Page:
Turning the industry backwards
I would like to respond to the article ‘Trucking’s Turning Point’ (Owner//Driver, October 2018, p84) concerning changes to Chain Of Responsibility (COR) responsibility. I am sure that the speech by Sal Petroccitto was greeted with much raucous applause for delivering an industrycrushing speech, turning back the industry 30 years.
“So, when you do go to court, you will actually walk in, for a change, innocent until the regulator proves that you’re guilty,” he says.
“As opposed to now when you walk in the door and you are guilty and you’ve got to dig yourself out of a hole.”
Honestly, does anybody other than the people who profit from the transport industries know how hard it is to prove fault?
For example, just this very morning in my course of duties I would arise at the appointed time after my mandated long rest break to load. An impatient forklift operator announced to me that he had to wait half an hour for me and that he was on a timetable. I simply retorted so was I. It was clear that the fork operator was annoyed that I was not working to his timetable.
Now, this seems rather simple, but let us put some context to this. Just recently the company has gone through some major safety changes where this forklift driver now has to examine my vehicle for possible defects, and ensure fatigue and load restraint is acceptable. This began with a course on how to fill out the paperwork. So operators were left to the whim of loading staff, who had no training or understanding of the requirements of fatigue and maintenance. Yet they had been threatened to be moved aside should they fail to adhere to the demands of the company.
Of course we know what that means, but the onus is on the loader to prove this was the case while management could simply pretend they would provide positions.
Just how hard do you think the authorities are going to work to validate the truth of an accusation such as that? I believe as much time as they did before COR legislation
“They crucified somebody so why go to the effort of further investigation?”
was created and that would be ‘SFA’. After all, they crucified somebody so why go to the effort of further investigation? The public are placated, the authorities appear to have acted and government looks to be doing something for safety. So why go to the effort?
And here is the crux of the matter – the transport industry in Australia is the only industry in the world where the people actually doing the job are the most disrespected of the entire industry. Now I know, plenty point out if there were no operators to actually do the job, transport would not exist. Yet, even operators do not respect each other.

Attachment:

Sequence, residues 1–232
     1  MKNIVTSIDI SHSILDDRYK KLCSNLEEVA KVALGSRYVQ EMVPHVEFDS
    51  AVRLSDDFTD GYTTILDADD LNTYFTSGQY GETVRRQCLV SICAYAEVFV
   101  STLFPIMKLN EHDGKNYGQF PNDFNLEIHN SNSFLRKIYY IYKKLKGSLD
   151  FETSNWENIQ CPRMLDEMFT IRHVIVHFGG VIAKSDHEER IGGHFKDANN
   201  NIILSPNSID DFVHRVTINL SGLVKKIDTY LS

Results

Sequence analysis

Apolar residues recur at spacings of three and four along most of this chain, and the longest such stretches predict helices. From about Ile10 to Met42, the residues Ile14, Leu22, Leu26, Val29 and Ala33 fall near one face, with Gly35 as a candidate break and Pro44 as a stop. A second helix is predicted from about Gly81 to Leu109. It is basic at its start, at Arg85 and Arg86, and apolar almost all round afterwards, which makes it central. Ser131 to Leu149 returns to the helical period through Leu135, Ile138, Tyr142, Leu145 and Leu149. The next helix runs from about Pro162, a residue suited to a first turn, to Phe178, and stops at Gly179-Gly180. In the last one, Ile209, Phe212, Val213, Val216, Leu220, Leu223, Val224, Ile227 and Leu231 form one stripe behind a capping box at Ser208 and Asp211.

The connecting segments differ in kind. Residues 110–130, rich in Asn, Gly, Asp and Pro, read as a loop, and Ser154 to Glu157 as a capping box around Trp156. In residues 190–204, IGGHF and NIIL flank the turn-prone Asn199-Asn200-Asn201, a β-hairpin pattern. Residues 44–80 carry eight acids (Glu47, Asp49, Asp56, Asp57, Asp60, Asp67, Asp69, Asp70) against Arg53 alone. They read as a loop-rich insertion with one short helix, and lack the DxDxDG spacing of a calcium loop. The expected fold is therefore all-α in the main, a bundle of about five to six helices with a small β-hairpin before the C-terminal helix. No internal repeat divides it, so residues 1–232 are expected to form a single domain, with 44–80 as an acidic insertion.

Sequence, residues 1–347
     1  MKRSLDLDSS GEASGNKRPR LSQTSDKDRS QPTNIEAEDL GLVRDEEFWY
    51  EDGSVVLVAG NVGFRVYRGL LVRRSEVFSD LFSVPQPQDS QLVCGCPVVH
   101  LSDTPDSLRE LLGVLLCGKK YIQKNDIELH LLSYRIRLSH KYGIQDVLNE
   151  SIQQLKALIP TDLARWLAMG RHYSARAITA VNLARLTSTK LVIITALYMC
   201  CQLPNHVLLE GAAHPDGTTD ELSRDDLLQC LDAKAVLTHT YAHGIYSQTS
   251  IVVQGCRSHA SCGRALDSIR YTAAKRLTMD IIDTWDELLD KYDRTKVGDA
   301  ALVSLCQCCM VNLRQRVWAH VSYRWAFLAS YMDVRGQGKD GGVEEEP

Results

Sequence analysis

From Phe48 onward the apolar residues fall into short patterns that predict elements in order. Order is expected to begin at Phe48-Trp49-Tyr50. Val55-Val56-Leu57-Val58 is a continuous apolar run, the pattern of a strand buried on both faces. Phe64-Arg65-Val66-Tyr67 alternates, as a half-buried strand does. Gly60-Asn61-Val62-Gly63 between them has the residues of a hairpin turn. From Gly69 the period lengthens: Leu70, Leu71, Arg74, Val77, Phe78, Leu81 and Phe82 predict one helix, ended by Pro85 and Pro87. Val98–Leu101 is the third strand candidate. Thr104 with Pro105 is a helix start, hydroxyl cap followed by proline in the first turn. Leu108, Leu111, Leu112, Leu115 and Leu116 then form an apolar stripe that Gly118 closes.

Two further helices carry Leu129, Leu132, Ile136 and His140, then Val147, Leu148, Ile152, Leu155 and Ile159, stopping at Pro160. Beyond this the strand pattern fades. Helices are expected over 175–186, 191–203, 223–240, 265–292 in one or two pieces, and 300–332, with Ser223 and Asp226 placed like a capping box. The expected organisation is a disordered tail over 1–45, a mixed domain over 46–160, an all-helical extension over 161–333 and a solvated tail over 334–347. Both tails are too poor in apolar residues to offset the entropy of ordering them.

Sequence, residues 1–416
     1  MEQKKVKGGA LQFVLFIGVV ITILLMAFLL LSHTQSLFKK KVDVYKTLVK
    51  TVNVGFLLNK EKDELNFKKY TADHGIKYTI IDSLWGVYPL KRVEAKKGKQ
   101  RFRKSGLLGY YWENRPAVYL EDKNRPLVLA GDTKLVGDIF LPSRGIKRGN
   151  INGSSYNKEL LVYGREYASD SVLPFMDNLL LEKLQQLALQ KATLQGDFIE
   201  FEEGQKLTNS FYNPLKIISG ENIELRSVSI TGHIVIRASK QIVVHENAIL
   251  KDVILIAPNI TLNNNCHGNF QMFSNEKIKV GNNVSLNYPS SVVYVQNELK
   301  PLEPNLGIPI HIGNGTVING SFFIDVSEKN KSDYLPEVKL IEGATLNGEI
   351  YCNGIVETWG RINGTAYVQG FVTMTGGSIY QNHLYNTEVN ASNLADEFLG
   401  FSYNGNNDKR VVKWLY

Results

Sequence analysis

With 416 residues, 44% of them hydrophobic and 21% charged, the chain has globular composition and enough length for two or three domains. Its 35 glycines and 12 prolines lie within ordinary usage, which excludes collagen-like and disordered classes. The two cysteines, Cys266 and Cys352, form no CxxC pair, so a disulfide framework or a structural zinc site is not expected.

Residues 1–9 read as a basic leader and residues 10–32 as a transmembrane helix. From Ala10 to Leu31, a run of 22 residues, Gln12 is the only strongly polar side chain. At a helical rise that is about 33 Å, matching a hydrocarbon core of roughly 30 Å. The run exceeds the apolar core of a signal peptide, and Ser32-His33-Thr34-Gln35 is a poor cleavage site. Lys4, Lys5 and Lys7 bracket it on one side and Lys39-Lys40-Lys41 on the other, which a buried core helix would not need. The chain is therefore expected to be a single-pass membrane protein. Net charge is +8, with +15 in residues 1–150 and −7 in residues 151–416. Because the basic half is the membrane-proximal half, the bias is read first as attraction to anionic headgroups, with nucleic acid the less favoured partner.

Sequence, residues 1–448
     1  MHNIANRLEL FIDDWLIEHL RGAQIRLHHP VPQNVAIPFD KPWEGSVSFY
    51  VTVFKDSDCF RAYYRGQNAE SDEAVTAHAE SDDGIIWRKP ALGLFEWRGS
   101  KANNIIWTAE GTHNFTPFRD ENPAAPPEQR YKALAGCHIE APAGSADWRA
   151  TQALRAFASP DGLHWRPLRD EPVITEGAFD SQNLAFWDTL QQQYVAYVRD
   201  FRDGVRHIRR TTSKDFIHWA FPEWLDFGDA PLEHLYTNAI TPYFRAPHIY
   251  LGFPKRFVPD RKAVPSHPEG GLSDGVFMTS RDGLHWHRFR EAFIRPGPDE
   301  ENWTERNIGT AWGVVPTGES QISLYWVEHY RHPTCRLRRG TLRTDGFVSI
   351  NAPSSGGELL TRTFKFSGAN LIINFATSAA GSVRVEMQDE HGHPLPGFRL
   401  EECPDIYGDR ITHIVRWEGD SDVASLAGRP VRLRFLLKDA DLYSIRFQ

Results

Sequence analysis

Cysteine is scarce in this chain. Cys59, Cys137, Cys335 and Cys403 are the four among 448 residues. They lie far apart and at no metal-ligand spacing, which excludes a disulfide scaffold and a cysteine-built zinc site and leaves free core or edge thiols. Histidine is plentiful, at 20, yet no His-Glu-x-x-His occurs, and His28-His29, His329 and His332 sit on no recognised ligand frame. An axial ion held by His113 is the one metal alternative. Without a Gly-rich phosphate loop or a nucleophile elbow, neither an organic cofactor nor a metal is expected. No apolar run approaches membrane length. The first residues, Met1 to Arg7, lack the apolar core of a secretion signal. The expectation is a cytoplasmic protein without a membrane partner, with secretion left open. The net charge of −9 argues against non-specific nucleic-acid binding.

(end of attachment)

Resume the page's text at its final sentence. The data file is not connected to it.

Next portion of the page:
In a legal system that proudly proclaims innocent until proven guilty, a change of COR regulations to innocent until proven guilty is acclaimed as a great improvement to an industry where the people in the frontline are frowned upon by its own industry and assumed guilty due entirely to their status in the profession. So when the authorities get to the courts where the operator is served two to five years in the pen for breaching his rest period, it’s due to the fact he was pressured to cut short his mandated rest break because a forklift operator’s timeframe was inconvenienced by the operator.
How does he prove to a party who already assumes he is, for lack of better terms, a drugged killer truck driver that he was pressured to breach by loading staff or management?
Honestly, I could not read any further as clearly changes to COR benefit everybody, except safety and the operators who actually do the job.
I am astounded that people would publically declare these changes as good for the industry. For us who were involved in the industry before the advent of COR laws were introduced, the problems with holding shonky managers and owners to account was due entirely to the onus of proof.
Thanks to all those company owners and bosses who decided how the industry could be safer at a reasonable expense to them. Thanks to those company bosses for the new safety standards they impose on their labour. I am sure all those drivers who attended the presentation reported also applauded and announced their full agreement to the new changes. Oh wait, the drivers were out earning the money that paid for the little chestbeating exercise on how to distance oneself from the demands of safety.
Really, just print out a list of jobs were the company owners provide the stimulants to do the job preferably, noting the type of stimulant, so we can get the employer who provides the stimulant of choice. Maybe the government could be lobbied to provide pill testing in all the weighbridges 24/7. After all, that is the new normal isn’t it?
And we can sit back and watch the carnage start. Just incredible, that people would swallow the belief that this stated change in a legal system of innocent until proven guilty actually will make the system more accountable.
(Full name withheld by request)